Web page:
This 2012 Young Australian of the Year has made amazing progress on delivering her vision for a simple, cheap and effective prosthetic limb in the short time since establishing her venture in April 2013 and for the progress she’s made we awarded her our Best Growth Hacking and Bootstrapping Prize to the value of $4,888.
Supporting the efforts of determined, talented startup founders is what we do. Good on you, Marita!
For months now we’ve been planning to write a lengthy blog post featuring all the cloud tools, mobile apps and stuff we use to deliver lean startup success rapidly and remotely.
But the days keep ticking by and the post doesn’t get published. So we’re breaking the task down into sub-tasks and we’ll make more progress by updating you on a tool-by-tool basis that you can follow along via the hashtag #toolday.
Today’s tool is Redpen.io, a simple tool for collecting feedback on visual design work. Like our favourite bug tracking tool, Bugherd, Redpen lets technical and non-technical users alike just click somewhere on the page to drop a pushpin and popup a comment box that automatically records who’s commenting and when.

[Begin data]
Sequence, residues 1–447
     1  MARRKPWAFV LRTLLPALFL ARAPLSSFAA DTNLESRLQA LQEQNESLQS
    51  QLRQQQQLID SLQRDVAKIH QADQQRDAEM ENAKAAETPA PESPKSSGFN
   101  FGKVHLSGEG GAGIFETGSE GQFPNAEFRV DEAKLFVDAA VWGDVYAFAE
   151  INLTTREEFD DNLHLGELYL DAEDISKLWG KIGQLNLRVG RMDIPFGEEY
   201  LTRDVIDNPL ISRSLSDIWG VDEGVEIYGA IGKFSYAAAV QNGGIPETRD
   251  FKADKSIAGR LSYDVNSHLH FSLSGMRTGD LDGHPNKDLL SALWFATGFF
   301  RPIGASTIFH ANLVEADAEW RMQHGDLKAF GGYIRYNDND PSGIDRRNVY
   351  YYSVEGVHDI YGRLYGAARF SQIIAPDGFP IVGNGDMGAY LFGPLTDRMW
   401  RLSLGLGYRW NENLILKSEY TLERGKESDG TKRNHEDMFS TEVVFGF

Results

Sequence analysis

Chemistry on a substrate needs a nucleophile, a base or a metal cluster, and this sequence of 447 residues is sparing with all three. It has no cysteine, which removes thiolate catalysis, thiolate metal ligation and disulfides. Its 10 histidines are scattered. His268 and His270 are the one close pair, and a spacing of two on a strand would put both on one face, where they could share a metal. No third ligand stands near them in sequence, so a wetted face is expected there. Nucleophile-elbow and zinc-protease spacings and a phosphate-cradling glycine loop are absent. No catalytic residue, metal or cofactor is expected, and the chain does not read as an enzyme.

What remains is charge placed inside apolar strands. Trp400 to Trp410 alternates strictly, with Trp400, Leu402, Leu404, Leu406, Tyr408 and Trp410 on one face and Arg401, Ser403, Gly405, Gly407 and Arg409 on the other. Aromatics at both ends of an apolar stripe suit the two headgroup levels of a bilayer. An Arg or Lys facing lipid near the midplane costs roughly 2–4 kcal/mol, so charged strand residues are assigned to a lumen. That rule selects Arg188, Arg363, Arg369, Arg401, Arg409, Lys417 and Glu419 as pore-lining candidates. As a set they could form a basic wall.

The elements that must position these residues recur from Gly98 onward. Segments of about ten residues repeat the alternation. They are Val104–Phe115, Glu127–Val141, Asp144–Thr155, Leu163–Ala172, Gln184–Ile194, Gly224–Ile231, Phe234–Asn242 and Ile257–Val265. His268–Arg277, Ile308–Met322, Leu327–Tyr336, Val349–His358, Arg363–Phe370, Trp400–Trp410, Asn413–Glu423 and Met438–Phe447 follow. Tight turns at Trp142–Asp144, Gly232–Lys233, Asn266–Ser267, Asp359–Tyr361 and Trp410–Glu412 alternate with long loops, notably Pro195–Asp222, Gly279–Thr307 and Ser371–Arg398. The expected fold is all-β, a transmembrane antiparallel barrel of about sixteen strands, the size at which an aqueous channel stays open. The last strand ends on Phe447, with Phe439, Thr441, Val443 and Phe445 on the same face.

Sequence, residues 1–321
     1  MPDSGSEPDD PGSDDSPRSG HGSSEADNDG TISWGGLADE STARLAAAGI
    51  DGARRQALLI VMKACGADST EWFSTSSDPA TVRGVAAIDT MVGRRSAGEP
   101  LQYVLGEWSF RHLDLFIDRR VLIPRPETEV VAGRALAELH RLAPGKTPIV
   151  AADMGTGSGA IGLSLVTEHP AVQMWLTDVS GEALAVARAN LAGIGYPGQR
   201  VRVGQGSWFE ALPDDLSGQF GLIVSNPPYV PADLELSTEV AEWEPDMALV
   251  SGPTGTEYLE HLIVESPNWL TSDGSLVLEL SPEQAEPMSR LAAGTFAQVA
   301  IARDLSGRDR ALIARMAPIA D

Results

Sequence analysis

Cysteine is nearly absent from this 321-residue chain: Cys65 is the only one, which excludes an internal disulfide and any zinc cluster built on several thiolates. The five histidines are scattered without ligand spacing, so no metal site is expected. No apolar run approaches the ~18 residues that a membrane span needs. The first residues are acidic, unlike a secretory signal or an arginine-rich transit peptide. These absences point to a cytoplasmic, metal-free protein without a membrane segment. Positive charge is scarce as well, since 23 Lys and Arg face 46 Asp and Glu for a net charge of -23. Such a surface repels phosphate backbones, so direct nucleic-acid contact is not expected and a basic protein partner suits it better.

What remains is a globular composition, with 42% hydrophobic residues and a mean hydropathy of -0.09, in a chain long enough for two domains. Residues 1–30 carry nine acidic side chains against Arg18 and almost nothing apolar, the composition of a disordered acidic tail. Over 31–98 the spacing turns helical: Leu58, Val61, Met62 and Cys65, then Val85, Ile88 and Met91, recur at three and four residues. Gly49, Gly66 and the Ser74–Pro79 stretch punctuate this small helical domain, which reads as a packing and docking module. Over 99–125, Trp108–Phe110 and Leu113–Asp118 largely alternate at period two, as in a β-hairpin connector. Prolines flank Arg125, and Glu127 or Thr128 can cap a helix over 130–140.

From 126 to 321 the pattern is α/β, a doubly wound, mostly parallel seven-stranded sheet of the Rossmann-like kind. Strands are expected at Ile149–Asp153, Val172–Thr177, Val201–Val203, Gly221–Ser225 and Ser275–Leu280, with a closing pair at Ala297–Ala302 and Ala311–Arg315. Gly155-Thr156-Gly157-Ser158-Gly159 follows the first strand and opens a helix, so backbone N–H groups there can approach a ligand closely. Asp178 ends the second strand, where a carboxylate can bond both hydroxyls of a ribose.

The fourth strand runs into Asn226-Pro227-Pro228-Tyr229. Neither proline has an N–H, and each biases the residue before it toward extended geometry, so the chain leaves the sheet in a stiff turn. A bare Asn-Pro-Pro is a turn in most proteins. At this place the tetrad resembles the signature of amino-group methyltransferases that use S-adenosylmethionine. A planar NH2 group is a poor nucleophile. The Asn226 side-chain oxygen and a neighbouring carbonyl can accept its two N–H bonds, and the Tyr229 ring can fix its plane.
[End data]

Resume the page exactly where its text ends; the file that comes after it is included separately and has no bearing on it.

To share a design and collect feedback, just drag your image file onto the Redpen page and it’ll upload and give you a short URL to copy and paste into an email, message thread, etc. You’ll be notified of comments as they’re posted.
Redpen is the work of Aussie startup collective The Pistachio Collective and we’re officially huge fans. Give Redpen a try.
How do I find out more?
Drop us an email at email@example.com and we’ll be happy to discuss your needs and the options available in the coming months.
Sadly our sponsorship of Aussie kayaker Ros Lawrence’s European summer campaign didn’t result in a second win in the Sickline extreme kayaking event as she’d hoped, but she did score an awesome fourth place and showed massive courage in recovering from some horrendous spills. Well done to Sportaroo for building a great web platform for athletes and sporting teams to fund their pursuit via a closer relationship with their supporters and fans.
We’re excited to return for our second year as a prize sponsor of Tech23, arguably Australia’s biggest tech startup event in terms of rewards on offer to the startups pitching and exhibiting.
Our "Best Growth-Hacking and Bootstrapping" prize package goes to the startup we judge has done the best job of using minimal cash, resources and time to prove their lean canvas hypotheses and find a product/customer fit that will get them to early revenue.